Ascetic Feminism

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by Jack Donovan on April 8, 2011

For women, there are both ascetic and indulgent styles of feminist extremism.  There are humorless academics and angry bra-burners, certainly, but modern feminist women tend to be more self-indulgent—at least in theory. Take, for example, the recent Toronto “Slut March.” Many women see feminism an invitation to reject boundaries, to live as they please, to “suck the marrow out of life.”

(h/t Richard Spencer)

In contrast, extreme feminist ideology in men requires ascetic discipline.

For a relative handful of particularly effeminate gay and transgendered males, extreme feminism is attractive because it offers freedom from the expectations of other men and traditional sex roles. Transgendered feminist R.W. Connell, author of Masculinities, would fit into this category. However, according to a recent estimate, exclusive gays and the transgendered may make up as little as 2 and .3 percent of the population, respectively.

For the majority of men, feminism does not offer equal parts of “freedom” and “discipline.” Feminism requires men to self-examine, repent, and—as one extremist put it—“refuse to be a man.” For men to ensure that women have the opportunity to do whatever they want, men are asked to carefully examine and change their own behavior. In response to a popular bumper sticker, I would say that:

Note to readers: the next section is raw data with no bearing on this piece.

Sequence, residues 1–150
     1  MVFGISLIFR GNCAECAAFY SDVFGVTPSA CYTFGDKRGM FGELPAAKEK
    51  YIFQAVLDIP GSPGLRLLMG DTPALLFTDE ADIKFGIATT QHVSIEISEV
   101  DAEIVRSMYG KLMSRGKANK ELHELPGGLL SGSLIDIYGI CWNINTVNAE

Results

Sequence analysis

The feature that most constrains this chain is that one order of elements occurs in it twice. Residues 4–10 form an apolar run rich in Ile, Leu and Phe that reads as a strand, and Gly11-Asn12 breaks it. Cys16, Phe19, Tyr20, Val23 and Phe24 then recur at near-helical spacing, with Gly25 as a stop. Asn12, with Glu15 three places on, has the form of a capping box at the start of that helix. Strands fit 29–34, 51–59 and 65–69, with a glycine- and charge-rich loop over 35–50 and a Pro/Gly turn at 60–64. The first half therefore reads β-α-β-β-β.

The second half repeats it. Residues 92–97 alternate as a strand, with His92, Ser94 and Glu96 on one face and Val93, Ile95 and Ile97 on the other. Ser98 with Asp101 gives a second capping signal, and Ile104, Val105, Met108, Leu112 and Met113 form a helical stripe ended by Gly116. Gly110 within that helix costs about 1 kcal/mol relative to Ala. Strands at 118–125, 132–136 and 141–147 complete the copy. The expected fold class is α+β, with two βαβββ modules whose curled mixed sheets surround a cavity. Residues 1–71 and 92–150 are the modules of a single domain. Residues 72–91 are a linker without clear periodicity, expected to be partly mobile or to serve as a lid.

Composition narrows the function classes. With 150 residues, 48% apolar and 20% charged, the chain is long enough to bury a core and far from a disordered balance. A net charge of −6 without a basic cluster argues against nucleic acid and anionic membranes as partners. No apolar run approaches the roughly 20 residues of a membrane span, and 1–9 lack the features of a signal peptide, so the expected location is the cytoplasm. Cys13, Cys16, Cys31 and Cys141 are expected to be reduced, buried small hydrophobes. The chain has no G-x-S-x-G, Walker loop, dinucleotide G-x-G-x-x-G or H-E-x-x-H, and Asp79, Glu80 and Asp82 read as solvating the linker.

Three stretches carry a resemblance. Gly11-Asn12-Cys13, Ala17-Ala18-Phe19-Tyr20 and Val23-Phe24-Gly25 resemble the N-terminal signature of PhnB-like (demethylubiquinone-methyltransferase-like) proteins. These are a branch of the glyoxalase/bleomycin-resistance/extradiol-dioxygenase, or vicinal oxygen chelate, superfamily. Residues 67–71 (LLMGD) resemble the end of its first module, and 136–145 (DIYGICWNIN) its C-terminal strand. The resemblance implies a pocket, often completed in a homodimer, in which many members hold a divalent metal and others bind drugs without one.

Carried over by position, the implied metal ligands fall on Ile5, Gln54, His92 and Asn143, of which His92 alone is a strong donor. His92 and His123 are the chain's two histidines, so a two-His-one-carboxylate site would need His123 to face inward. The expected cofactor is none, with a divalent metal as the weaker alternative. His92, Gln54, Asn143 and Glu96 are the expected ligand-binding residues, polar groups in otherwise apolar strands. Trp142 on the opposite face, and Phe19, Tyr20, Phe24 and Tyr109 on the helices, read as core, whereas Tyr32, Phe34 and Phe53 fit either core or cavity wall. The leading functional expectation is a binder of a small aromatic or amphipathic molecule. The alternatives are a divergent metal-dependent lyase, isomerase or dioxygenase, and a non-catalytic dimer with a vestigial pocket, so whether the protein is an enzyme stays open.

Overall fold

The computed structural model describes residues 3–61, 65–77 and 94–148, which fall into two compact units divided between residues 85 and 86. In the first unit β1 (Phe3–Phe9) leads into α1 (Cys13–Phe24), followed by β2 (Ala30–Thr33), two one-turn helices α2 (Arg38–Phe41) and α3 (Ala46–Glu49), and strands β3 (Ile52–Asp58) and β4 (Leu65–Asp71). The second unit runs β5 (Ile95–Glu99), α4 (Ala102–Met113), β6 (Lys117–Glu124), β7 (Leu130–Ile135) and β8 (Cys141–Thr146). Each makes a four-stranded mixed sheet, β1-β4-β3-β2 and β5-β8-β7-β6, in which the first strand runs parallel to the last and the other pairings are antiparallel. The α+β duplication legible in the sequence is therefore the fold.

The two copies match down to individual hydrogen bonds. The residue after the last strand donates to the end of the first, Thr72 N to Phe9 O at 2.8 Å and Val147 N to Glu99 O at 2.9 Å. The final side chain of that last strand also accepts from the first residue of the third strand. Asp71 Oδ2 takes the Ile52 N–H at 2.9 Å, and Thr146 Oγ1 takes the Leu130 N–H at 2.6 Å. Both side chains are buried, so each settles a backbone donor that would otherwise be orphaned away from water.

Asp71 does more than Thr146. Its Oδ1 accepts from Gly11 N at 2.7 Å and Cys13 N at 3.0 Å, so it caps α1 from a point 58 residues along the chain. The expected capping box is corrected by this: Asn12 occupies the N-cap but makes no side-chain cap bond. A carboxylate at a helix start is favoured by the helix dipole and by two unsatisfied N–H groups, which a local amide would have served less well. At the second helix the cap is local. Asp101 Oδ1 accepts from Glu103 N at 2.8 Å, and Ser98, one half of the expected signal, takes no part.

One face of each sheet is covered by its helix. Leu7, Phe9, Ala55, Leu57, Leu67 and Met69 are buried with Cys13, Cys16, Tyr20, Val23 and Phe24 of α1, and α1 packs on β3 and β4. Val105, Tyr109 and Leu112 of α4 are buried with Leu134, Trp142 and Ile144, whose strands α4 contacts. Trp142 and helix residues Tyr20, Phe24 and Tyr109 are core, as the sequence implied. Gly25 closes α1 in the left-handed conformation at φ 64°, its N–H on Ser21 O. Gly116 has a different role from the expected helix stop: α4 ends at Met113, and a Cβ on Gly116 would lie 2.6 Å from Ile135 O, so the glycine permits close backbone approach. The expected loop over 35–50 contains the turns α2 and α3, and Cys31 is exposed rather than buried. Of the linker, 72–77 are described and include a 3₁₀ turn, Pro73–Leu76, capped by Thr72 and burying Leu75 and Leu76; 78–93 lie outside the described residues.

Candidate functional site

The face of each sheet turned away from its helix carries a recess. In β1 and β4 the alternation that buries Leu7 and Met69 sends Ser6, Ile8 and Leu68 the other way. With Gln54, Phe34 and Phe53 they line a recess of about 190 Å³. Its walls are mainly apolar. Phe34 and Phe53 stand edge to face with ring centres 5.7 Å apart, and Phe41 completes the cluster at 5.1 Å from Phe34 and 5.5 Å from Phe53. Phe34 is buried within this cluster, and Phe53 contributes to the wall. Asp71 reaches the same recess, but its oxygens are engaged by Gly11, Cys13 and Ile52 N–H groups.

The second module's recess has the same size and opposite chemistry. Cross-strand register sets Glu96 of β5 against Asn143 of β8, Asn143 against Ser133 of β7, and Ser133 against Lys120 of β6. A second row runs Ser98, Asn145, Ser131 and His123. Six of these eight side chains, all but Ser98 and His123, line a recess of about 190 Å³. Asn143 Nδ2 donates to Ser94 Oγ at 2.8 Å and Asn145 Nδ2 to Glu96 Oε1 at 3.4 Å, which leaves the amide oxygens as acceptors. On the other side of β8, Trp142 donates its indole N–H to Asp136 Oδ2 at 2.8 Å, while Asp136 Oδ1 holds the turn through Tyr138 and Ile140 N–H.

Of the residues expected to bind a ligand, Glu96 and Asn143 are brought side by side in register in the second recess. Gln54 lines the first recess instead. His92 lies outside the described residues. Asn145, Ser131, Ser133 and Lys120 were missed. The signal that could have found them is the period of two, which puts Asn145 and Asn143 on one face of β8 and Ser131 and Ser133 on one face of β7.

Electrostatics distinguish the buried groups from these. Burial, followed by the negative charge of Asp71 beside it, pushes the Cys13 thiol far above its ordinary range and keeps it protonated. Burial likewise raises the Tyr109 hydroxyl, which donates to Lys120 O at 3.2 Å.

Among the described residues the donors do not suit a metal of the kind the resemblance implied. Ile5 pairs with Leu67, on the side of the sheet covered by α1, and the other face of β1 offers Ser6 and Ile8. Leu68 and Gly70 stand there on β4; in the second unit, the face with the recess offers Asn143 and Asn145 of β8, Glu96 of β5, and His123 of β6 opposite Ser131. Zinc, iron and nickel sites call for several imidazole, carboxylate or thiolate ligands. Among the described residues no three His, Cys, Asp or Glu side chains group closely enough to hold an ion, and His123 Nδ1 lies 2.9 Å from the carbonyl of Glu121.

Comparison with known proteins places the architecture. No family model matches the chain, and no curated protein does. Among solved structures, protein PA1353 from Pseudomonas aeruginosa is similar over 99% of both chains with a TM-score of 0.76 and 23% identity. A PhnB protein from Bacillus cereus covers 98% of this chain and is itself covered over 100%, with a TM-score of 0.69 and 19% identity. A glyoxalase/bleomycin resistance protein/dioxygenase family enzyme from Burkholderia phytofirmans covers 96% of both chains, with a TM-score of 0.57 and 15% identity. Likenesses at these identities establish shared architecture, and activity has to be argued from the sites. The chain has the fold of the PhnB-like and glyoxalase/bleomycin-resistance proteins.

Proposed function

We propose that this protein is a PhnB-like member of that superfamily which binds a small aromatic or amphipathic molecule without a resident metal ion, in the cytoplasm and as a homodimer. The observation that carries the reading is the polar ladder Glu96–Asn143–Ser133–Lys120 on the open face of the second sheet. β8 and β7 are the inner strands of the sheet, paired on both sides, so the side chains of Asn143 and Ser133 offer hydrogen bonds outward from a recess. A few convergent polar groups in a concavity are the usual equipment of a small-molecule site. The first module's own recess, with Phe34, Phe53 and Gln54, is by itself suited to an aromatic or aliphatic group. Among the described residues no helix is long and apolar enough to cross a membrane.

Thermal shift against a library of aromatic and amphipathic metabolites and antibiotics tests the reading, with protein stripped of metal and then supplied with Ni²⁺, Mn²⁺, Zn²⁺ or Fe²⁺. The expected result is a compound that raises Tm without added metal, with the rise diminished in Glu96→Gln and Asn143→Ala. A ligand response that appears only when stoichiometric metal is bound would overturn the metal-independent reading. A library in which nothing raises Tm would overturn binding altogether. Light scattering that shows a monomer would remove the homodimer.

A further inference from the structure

Feminism is the radical notion that men should stop doing whatever women say, so that women can do whatever the hell they want.

While women march together proudly as sluts, male feminists like Jackson Katz teach workshops and offer men lists of things they should do to combat gender violence.


  1. Approach gender violence as a MEN’S issue involving men of all ages and socioeconomic, racial and ethnic backgrounds. View men not only as perpetrators or possible offenders, but as empowered bystanders who can confront abusive peers
  2. If  a brother, friend, classmate, or teammate is abusing his female partner — or is disrespectful or abusive to girls and women in general — don’t look the other way. If you feel comfortable doing so, try to talk to him about it. Urge him to seek help. Or if you don’t know what to do, consult a friend, a parent, a professor, or a counselor. DON’T REMAIN SILENT.
  3. Have the courage to look inward. Question your own attitudes. Don’t be defensive when something you do or say ends up hurting someone else. Try hard to understand how your own attitudes and actions might inadvertently perpetuate sexism and violence, and work toward changing them.
  4. If you suspect that a woman close to you is being abused or has been sexually assaulted, gently ask if you can help.
  5. If you are emotionally, psychologically, physically, or sexually abusive to women, or have been in the past, seek professional help NOW.
  6. Be an ally to women who are working to end all forms of gender violence. Support the work of campus-based women’s centers. Attend “Take Back the Night” rallies and other public events. Raise money for community-based rape crisis centers and battered women’s shelters. If you belong to a team or fraternity, or another student group, organize a fundraiser.
  7. Recognize and speak out against homophobia and gay-bashing. Discrimination and violence against lesbians and gays are wrong in and of themselves. This abuse also has direct links to sexism (eg. the sexual orientation of men who speak out against sexism is often questioned, a conscious or unconscious strategy intended to silence them. This is a key reason few men do so).